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[ cas\e – stud\y ]

Words & Cover Artwork:

Lily McFly

KAIN·ERASTY (from kainos – Ancient Greek for new, erastes – Ancient Greek for loving, admiration) – a drive for newness, which exists in the root of any other “basic drive” (like libido and will to power) and is wired deep into the brain of all human beings. The concept of kainerasty is created by Alexander Sosland in 2002. He claims that the aspiration to change the objects of desire, activities, and impressions belongs to all spheres of life. No matter what we do, we need an aspect of novelty.

Intellect & Novelty

Child psychologist Lidia Bozhovich (who was the student of Lev Vygotsky) pointed out that in our earliest years we need new impressions for the development of the cerebral cortex. The cerebral cortex – the layer of grey matter on the outside of the brain – is the location of our most advanced cognitive functions, including memory, attention, motivation, and goal-directed behavior. 


The development of the cortex is closely correlated with a child’s cognitive stimulation. This means that in the earliest years of our lives we need a huge amount of new information to stimulate our brain functions, therefore to develop it. Another study called “Early childhood home environment predicts frontal and temporal cortical thickness in the young adult brain” found that the more mental stimulation a participant had had at the age of four, the more developed was their cortex.


The most strongly affected region was the lateral left temporal cortex, which is on the surface of the brain, behind the ear. This region is involved in semantic memory, processing word meanings and general knowledge about the world,” researcher Martha Farah says.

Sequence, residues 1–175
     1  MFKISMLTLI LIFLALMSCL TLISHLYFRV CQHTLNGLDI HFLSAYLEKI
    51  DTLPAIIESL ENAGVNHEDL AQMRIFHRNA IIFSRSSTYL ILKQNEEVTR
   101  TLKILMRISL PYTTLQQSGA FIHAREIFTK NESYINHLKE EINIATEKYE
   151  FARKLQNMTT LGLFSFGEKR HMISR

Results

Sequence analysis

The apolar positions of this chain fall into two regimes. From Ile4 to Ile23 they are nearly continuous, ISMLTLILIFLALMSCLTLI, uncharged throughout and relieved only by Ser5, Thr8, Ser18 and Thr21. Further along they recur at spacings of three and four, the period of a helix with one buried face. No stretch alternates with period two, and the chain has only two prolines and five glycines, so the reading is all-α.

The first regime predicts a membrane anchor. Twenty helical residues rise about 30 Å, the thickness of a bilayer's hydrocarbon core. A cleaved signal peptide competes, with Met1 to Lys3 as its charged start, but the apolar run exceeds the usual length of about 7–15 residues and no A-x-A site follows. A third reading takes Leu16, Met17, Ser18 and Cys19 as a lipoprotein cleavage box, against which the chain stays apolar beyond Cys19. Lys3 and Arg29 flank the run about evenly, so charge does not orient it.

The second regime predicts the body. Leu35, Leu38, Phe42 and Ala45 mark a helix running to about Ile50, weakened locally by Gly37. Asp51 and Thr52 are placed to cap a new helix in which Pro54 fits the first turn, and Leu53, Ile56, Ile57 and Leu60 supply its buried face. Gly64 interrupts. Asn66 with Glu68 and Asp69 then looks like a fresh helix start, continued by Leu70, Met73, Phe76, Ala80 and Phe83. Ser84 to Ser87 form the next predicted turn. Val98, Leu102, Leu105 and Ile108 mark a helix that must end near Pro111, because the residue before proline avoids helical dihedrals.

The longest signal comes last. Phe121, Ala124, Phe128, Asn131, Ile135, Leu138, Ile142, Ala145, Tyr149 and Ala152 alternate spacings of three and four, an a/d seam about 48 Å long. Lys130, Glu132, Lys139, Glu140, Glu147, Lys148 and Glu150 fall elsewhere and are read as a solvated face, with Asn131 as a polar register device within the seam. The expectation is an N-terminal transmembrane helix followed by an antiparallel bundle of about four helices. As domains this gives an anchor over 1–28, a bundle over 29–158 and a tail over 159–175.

But once a biological need, the need for new information becomes an intellectual demand. Human beings are dependent on all kinds of news. We’re getting easily addicted to the sources that offer us novelty because we enjoy continual chasing after excitement of learning something new. And the quantity of information is obviously more important here than its quality.

The more new information a child gets around the age of four, the more developed the parts of their brains dedicated to language and cognition will be in the decades ahead.

“The Kainerastic Orgasm”

The 20th century is the era when the ways of receiving new information become a form of entertainment. The rapid development of mediacreates a novelty-addicted culture with an army of “chronological snobs” – the ones who prefer the ideas and things, exclusively because they are new and modern. Fashion becomes a tool. Commercials floods in. Newness sells. It becomes the main reason people consume – materially and intellectually. And in the end of the century we get the magical source of experiencing the “the kainerastic orgasm” – the Internet. 


Everyday we scroll through our feeds on Instagram, Facebook, Tumblr, Youtube, and Spotify maniacally trying to get as much new information as we can. We are glued to our screens, naïvely embracing new ideas without first viewing them with a critical eye. Why? Are the news about others so exciting and important that we need to check our phones every five minutes? Well, according to Alexander Sosland, kainerasty – our addiction to newness – plays its role in the process of repression. Having an easy access to all the diversity of life making many traumatic feelings far less unbearable. Constant pursuit of the newness puts aside traumatic feelings.

Constant pursuit of new impressions puts aside traumatic feelings.

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